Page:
Apart from the drones, no other entities saw me while I was here, and nobody found me. Covert ops subsystem rules.

I'm a Signaleer, so I enjoy a kind of freedom of the cluster where not everybody wants to kill me. If I operate in a nullsec region like this, no doubt I'll be reported on somebody's intel channel and the 'nv' code will be issued in my name. It means 'No Visual'.


Some of you might say she's with Signal Cartel and leave me alone. Some of you might try to hunt me down anyway; but with Combat Probes on board too, I'll have seen you long before you ever find me, and you'll never find me anyway because I conduct ops when most of the rest of New Eden is asleep.

Sweet dreams, boys...



Back to the Heath

I flew back to Horaka and conducted some final tests with a Mobile Depot facility outside the citadel's front door. Then I docked, and declared the Legion fully serviceable and ready for action.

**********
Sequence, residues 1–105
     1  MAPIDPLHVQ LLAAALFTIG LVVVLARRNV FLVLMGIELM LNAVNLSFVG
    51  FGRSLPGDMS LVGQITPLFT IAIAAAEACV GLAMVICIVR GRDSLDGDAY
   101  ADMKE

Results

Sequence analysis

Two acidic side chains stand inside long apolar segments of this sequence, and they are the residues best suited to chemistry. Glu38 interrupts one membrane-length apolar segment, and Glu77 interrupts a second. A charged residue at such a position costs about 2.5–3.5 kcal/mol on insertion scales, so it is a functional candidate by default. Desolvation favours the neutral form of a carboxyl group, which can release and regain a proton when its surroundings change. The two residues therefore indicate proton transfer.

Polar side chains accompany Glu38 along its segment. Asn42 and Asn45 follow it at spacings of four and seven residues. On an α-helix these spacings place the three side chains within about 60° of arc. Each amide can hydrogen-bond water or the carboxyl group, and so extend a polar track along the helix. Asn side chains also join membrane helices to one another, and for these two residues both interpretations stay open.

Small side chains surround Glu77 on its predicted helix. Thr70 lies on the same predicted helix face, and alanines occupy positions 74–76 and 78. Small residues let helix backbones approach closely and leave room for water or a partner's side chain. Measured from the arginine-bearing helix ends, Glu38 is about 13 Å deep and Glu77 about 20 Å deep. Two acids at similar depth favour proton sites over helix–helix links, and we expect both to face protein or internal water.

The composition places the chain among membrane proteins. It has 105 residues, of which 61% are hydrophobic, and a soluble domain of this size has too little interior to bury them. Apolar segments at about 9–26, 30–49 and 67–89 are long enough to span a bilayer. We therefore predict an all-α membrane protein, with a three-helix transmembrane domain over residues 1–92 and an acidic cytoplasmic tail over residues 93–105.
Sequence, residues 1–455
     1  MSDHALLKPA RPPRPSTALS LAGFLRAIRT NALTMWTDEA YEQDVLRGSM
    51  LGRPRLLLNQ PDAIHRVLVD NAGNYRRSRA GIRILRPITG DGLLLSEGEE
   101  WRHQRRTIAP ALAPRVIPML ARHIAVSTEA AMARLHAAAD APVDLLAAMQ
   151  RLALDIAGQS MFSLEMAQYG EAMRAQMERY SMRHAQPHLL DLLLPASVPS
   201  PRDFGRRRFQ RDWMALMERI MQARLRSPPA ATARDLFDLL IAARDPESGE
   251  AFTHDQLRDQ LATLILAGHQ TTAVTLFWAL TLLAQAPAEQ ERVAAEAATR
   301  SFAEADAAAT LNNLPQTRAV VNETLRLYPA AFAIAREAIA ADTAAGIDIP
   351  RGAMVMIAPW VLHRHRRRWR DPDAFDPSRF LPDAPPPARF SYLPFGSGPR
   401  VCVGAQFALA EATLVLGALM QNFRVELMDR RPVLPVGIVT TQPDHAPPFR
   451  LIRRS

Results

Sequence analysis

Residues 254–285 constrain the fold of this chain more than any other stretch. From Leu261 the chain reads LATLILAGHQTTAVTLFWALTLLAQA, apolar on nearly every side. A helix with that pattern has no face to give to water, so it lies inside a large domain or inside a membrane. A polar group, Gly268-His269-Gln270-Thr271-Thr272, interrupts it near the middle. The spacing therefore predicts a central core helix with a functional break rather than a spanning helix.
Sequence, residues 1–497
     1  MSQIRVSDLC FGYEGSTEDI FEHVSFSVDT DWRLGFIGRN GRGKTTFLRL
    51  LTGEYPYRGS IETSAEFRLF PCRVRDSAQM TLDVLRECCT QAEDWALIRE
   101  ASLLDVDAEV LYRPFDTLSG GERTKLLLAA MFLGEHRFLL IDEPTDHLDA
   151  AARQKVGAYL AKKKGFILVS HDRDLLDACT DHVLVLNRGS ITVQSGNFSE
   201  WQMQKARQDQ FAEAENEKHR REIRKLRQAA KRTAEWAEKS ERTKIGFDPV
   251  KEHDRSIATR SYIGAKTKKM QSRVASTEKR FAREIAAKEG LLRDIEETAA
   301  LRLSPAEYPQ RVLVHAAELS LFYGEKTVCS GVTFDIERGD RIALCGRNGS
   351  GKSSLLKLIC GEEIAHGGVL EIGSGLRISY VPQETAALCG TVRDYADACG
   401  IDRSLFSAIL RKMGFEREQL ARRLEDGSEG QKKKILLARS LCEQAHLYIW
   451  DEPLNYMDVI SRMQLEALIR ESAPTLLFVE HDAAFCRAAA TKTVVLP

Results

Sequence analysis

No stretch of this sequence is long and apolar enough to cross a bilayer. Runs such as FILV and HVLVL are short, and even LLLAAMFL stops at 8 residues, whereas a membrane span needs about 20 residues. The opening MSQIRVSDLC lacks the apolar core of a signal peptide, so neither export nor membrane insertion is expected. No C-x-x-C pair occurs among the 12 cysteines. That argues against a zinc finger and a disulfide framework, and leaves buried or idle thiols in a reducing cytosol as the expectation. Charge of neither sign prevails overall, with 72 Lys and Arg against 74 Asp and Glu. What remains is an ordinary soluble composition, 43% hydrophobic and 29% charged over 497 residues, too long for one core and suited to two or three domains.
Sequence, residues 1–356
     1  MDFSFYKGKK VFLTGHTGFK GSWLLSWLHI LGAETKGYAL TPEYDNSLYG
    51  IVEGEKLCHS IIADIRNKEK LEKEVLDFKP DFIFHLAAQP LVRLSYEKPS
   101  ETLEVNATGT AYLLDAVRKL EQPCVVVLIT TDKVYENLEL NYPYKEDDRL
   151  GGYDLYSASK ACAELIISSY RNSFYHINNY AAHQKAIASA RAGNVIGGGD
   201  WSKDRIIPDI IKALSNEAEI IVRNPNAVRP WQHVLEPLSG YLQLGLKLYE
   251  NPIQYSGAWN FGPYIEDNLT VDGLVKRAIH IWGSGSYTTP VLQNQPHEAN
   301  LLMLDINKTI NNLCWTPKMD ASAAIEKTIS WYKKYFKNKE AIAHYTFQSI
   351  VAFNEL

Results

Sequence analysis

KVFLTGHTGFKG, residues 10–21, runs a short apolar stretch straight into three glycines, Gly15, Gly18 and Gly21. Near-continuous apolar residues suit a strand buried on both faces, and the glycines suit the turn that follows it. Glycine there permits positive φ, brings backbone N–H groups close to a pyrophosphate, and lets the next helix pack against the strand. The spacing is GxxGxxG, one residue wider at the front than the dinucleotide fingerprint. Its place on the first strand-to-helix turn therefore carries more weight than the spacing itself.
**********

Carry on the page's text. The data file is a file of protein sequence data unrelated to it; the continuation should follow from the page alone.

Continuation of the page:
I needed a few days to take care of some loose ends before launching in the Legion again, so I headed back to Mista in an Ibis 'rookie ship' - known as a Corvette now - that I had found abandoned near the Horaka - Orien stargate and taken possession of.

I do this rookie-ship-repo thing often. I just keep them and use them as shuttles. Although I do wonder whether this is in fact Grand Theft Ibis and is strictly credo-compliant.


This ship's designator said 'Dave Stark's Ibis'. I looked up Dave Stark and checked out his history. Turns out he's ex-Pandemic Horde, ex-WiNGSPAN, and appears to be a 'wormholer'. I don't really care to be honest, which means some of Molden Heath must be rubbing off on me.

I mention this because I flew from Horaka back to Mista on the day that the first generation of 'Alpha Clones' was announced, along with some other info on new sightings of Drifter activity in the cluster. If the Drifters are back, then that is perfect justification for disappearing into nullsec for a while. From what I've heard about this new incursion, I may be gone some time.

Alphas: welcome to New Eden. Your timing is perfect because space is about to get very busy. My advice: be careful what you wish for, because there are plenty of other capsuleers out there who are willing to give it to you and then take it away again.

We're heading for interesting times...